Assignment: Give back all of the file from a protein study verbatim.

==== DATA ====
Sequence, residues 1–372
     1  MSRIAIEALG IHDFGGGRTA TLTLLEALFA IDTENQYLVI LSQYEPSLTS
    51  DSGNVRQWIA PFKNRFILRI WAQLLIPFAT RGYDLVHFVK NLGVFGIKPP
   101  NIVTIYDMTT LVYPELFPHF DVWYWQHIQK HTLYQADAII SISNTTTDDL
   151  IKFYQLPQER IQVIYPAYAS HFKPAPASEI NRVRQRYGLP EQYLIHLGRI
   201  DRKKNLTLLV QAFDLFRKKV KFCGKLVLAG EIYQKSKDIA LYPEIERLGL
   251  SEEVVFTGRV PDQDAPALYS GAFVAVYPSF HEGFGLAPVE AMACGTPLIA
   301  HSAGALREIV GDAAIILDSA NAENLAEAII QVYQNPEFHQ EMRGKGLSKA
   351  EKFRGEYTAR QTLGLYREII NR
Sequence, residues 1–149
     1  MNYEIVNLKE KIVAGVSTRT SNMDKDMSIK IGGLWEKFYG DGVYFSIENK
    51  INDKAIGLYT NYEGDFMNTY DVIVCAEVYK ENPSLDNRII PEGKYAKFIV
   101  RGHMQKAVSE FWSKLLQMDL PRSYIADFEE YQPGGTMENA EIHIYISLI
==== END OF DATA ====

Sequence, residues 1–372
     1  MSRIAIEALG IHDFGGGRTA TLTLLEALFA IDTENQYLVI LSQYEPSLTS
    51  DSGNVRQWIA PFKNRFILRI WAQLLIPFAT RGYDLVHFVK NLGVFGIKPP
   101  NIVTIYDMTT LVYPELFPHF DVWYWQHIQK HTLYQADAII SISNTTTDDL
   151  IKFYQLPQER IQVIYPAYAS HFKPAPASEI NRVRQRYGLP EQYLIHLGRI
   201  DRKKNLTLLV QAFDLFRKKV KFCGKLVLAG EIYQKSKDIA LYPEIERLGL
   251  SEEVVFTGRV PDQDAPALYS GAFVAVYPSF HEGFGLAPVE AMACGTPLIA
   301  HSAGALREIV GDAAIILDSA NAENLAEAII QVYQNPEFHQ EMRGKGLSKA
   351  EKFRGEYTAR QTLGLYREII NR
Sequence, residues 1–149
     1  MNYEIVNLKE KIVAGVSTRT SNMDKDMSIK IGGLWEKFYG DGVYFSIENK
    51  INDKAIGLYT NYEGDFMNTY DVIVCAEVYK ENPSLDNRII PEGKYAKFIV
   101  RGHMQKAVSE FWSKLLQMDL PRSYIADFEE YQPGGTMENA EIHIYISLI